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What do you think is the main challenge women face as company founders and members of a boardroom?

Julia Ront VespiaGetting funding is definitely something that female founders struggle with, as statistics show that only a few % of the VC money goes to female-led start-ups. However, this has improved in the last few years, there are even special funds targeting minority and female-led teams, which I think is amazing! And it is all thanks to all the bad-ass superwomen who have paved the way for us.

On the other hand, I just recently heard a great speech by a fellow female founder while she was accepting an award in the “Stereotype Crusher of the Year” category. And she challenged the idea of picking her, even though the top three consisted of her and two guys. I mean, she was the obvious winner because of her start-up’s mind-blowing results, but she really said what many of us are thinking: We don’t want to be a number to fill in a certain quota and for the company to be called “diverse”. We want to be picked for our knowledge, skills, brilliant ideas, and vision.

How has your experience as Vespia’s founder helped you position yourself as a female leader in our industry?

I don’t necessarily like to always highlight the fact that I am a female leader, I would say that I am a leader and a start-up founder. However, until it becomes the new norm to have amazing women leaders on EVERY SINGLE team out there, I do tend to throw in the occasional “female” part in there as well.

As a leader of Vespia, I am a big supporter of open communication inside the team. Yes, the caring nature is a more female trait. I always try to be there for my team, asking whether they need my help. Our whole team consists of kick-ass specialists and therefore they usually don’t need my help. But it is still important for them to know that IF they need help, they can come to me. This is how you develop a team that will stick with you through thick and thin.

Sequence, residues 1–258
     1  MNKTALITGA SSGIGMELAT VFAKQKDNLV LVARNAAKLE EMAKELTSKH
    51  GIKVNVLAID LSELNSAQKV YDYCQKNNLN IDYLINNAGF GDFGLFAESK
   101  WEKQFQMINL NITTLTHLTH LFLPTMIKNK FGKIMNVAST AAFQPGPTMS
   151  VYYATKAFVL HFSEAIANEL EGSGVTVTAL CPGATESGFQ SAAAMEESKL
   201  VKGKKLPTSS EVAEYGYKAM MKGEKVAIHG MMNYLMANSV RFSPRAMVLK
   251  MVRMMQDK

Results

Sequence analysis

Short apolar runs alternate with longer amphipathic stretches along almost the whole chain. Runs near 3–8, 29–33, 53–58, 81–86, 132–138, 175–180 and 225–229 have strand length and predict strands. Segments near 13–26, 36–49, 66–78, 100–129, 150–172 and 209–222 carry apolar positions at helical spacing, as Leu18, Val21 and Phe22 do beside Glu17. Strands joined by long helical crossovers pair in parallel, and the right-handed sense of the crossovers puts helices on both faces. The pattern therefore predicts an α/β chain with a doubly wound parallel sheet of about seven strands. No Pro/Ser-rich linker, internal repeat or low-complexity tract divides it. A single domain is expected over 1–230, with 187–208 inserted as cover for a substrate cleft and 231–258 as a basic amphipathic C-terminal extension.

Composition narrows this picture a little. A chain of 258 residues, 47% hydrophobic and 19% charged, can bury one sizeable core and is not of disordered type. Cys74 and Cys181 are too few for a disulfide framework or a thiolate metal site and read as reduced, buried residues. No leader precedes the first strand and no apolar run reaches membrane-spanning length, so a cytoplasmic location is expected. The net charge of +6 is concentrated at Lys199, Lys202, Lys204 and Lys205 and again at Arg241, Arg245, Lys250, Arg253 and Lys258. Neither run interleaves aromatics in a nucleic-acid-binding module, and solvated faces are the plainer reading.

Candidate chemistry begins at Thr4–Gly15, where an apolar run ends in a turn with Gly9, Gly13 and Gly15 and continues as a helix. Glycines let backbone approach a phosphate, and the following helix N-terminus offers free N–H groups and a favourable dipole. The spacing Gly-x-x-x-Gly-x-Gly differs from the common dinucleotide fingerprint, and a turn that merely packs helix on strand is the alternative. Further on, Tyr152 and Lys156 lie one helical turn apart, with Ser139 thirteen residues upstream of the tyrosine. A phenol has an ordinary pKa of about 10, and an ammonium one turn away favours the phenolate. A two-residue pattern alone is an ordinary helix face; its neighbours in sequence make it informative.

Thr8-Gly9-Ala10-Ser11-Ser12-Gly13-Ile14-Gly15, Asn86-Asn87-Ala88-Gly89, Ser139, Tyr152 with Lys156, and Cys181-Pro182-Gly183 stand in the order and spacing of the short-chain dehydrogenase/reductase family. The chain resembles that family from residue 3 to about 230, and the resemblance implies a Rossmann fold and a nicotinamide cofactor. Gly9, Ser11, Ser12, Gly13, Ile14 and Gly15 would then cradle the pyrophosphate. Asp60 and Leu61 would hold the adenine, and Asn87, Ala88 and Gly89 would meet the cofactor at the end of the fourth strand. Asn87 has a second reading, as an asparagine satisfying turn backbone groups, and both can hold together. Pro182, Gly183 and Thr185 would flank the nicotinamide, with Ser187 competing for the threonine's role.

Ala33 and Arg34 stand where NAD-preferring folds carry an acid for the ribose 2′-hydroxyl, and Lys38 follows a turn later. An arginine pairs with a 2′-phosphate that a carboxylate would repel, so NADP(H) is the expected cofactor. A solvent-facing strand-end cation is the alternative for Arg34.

As a female leader in our industry, which I consider to be both compliance/ AML, as well as the start-up scene in general, I always try to support other boss ladies and be an active member of the female empowerment groups.

And most important, I always try to be myself. I like to explain complicated compliance topics in simple terms, which I feel is lacking in our industry of lawyers, regulators, and AML experts that speak in legal jargon. I have applied this to Vespia as well, as at some point we will start targeting the non-AML obligated segments, and it is not really about regulations for them, but rather about knowing who they are dealing with.

What are your top 3 tips for women as board members?

  1. Ask questions, speak up and challenge others. Many in the room are probably thinking the same thing. Be the brave one and ask this question!
  2. Be honest, and it is okay to be vulnerable.
  3. Wear what you want. I hear some ladies feel the need to wear pants, shirts, and suits in board meetings with the only purpose to look more masculine. If it is your style – amazing. If not, don’t compromise, wear those dresses and skirts!
Start-Up Female Entrepreneur

What about your top 3 tips for women as entrepreneurs and company founders?

  1. Surround yourself with people who you like to work with, who support you, who understand your vision, and who motivate you.
  2. Don’t work hard, work smart. Take the time to see what activity brings you the most value and concentrate on that. The emails will still be there tomorrow.